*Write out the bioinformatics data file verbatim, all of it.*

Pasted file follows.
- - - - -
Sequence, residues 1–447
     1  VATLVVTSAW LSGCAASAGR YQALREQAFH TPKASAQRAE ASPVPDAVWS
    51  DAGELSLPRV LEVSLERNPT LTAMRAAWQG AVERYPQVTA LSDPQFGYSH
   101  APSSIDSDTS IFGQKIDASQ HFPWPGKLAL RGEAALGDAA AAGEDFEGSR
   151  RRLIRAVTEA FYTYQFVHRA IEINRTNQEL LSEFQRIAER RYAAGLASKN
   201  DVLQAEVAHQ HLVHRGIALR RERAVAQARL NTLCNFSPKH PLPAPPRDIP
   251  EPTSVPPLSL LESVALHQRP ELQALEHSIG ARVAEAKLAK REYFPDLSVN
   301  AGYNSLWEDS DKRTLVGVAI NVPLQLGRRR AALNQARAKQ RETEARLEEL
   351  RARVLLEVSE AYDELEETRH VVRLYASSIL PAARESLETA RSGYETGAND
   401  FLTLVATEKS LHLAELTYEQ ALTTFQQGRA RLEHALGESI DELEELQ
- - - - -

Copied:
Sequence, residues 1–447
     1  VATLVVTSAW LSGCAASAGR YQALREQAFH TPKASAQRAE ASPVPDAVWS
    51  DAGELSLPRV LEVSLERNPT LTAMRAAWQG AVERYPQVTA LSDPQFGYSH
   101  APSSIDSDTS IFGQKIDASQ HFPWPGKLAL RGEAALGDAA AAGEDFEGSR
   151  RRLIRAVTEA FYTYQFVHRA IEINRTNQEL LSEFQRIAER RYAAGLASKN
   201  DVLQAEVAHQ HLVHRGIALR RERAVAQARL NTLCNFSPKH PLPAPPRDIP
   251  EPTSVPPLSL LESVALHQRP ELQALEHSIG ARVAEAKLAK REYFPDLSVN
   301  AGYNSLWEDS DKRTLVGVAI NVPLQLGRRR AALNQARAKQ RETEARLEEL
   351  RARVLLEVSE AYDELEETRH VVRLYASSIL PAARESLETA RSGYETGAND
   401  FLTLVATEKS LHLAELTYEQ ALTTFQQGRA RLEHALGESI DELEELQ